This is a video I’ve wanted to dish for years--a video that contextualizes Disneyland within the political and cultural events of the early 1950s. “Disneyland Voce” is distilled down from a dozen home movies, all shot in 1955, during the first five months that Disneyland was open to the public. Here’s one reason I love home movies: they reveal the vacation experience as taken by the average guest. Disney has produced reels of film documenting the park during its early years (most notably “Disneyland U.S.A.” in 1956 and “Gala Day at Disneyland” in 1959), but professional footage presents the park under ideal conditions. Home movies lay down the scenery as a typical guest would have experienced it. If you’ve ever wondered what it was like to visit Disneyland when it first opened, buckle into your DeLorean and hit the play button on YouTube. [more inside]
Our Day (Marion County 1938) is a 1938 silent film by Wallace Kelly of Lebanon, Kentucky, with a soundtrack by Rachel Grimes (previously of Rachel's)
An unbelievable collection of Roddy McDowall’s never-before-seen silent home movies from the summer of 1965 were uploaded onto YouTube yesterday, featuring impossibly young, impossibly gorgeous stars like Natalie Wood, Paul Newman, Robert Redford, Jane Fonda, Hope Lange, and Rock Hudson frolicking on the beach. You simply MUST go to the website and watch them all. The takeaway for me, though, is Sal Mineo slinking out the back door with a guilty-looking blond who may or may not be Bobby Sherman. What were THEY up to? Also mesmerizing: The closeup of Natalie Wood’s freckles, Jane Fonda sticking out her tongue, and Paul Newman’s hunky son.
Ancestors we will never know, presage feelings we can never have; now go forth and time travel on the web
This topic is best summarized with a question; what would it be worth to you to have a video of your great-grandparents? How might your children or grandchildren appreciate your efforts at personal archiving? [more inside]
Soldiers return home after months abroad and are greeted by their very excited dogs. (A compilation of puppy-focused welcome-home videos for Veterans' Day.)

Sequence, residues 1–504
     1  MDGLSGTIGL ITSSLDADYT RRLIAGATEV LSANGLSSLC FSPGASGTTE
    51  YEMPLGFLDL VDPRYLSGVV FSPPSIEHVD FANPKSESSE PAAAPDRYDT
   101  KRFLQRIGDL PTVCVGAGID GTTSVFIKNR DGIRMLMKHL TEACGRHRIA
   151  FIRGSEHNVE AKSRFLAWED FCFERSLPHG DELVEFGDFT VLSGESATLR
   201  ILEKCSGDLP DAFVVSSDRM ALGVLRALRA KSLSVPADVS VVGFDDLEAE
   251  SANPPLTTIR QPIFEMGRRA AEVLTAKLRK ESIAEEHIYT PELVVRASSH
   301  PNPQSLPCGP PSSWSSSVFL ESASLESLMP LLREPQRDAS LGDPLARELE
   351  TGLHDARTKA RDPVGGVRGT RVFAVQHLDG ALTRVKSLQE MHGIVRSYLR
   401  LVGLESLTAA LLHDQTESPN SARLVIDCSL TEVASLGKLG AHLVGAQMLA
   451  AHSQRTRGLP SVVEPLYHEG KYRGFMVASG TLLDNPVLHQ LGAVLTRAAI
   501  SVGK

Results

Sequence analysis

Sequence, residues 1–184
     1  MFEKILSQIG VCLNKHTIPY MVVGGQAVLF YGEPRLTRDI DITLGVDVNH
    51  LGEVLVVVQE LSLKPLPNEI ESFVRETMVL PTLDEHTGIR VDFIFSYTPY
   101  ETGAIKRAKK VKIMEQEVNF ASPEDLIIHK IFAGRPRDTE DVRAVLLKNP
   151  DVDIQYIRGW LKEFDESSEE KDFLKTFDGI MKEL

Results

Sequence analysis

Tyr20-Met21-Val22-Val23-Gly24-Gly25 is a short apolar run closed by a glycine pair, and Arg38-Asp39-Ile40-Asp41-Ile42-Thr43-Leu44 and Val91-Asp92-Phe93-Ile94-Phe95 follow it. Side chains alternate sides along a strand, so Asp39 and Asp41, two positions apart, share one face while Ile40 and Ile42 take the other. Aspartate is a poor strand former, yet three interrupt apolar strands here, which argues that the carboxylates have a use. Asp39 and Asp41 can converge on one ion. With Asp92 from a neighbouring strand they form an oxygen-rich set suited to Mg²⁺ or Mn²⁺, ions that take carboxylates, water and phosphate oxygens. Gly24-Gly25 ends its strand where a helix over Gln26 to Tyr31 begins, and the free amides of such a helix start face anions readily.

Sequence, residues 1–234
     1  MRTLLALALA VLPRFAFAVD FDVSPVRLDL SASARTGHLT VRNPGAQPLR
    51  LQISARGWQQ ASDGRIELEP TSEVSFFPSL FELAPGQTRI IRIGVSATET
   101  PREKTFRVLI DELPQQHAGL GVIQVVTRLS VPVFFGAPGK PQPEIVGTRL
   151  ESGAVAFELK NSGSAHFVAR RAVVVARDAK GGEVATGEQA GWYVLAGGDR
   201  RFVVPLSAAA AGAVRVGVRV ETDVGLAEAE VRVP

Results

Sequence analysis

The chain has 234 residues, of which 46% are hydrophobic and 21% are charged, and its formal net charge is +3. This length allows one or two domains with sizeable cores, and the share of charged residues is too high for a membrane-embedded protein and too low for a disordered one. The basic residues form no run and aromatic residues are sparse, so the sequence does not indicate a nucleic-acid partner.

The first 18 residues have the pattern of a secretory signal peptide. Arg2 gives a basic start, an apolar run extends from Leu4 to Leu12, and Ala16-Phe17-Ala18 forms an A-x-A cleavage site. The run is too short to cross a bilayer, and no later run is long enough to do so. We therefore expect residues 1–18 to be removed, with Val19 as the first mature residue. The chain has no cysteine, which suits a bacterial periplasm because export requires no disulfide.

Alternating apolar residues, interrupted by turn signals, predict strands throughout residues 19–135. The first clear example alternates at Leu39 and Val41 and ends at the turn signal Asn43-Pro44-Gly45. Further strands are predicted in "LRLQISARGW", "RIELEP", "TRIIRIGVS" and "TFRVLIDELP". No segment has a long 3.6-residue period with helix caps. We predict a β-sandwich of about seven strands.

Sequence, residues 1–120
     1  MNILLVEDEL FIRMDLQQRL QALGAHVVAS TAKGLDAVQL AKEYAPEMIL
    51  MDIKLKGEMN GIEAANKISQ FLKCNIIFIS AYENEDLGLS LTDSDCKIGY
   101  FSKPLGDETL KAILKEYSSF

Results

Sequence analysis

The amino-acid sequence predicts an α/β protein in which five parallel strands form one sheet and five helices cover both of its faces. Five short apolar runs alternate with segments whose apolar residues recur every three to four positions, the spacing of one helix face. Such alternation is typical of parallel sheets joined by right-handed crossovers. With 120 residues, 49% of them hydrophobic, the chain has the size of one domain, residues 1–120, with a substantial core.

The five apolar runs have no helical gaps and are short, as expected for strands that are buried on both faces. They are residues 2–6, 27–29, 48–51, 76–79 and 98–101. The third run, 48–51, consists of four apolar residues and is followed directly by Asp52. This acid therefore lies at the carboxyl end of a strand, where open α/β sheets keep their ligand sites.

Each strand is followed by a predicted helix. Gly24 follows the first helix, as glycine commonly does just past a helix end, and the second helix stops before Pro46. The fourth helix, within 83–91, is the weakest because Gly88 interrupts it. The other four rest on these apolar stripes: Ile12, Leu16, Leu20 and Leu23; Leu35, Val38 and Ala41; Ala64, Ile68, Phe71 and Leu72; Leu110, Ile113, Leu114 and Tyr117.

Jeff Altman took some of his grandfather's 16mm Kodachrome home movies and made some really nice HD transfers out of them: San Francisco circa 1958, Disneyland in 1956 (part 2).
The original Emo. Wikipedia states that much of Emo Philips' standup comedy "stems from the use of paraprosdokians and garden path sentences." And, while there are plenty of quotes to support this, it doesn't quite do justice to the man who wrote the best God joke ever--it's in the way he delivers these lines. Experience true Emo here, through these links which I like to call, "Audio and Video Clips from Emo Philips' Website." [more inside]
Robbins Barstow's 1956 home movie. Take a trip back to 1956 with Robbins Barstow, his wife, and three kids. After winning a 3M (Scotch Tape) contest, the family won a trip to Disneyland! For those of you who, like me, lived through the 50's, this will transport you back... for the rest of you, find out what life was like for your Parents and Grandparents. via [more inside]
While looking for ways to digitize old home movies, I came across the Home Movie Depot Video Archives, and was in awe of how much content they have available online. The vendor provides their clients with space to upload their converted movies, and many have done so... to the tune of 80+ pages of albums. You can browse through page by page, or search for specific keywords. [more inside]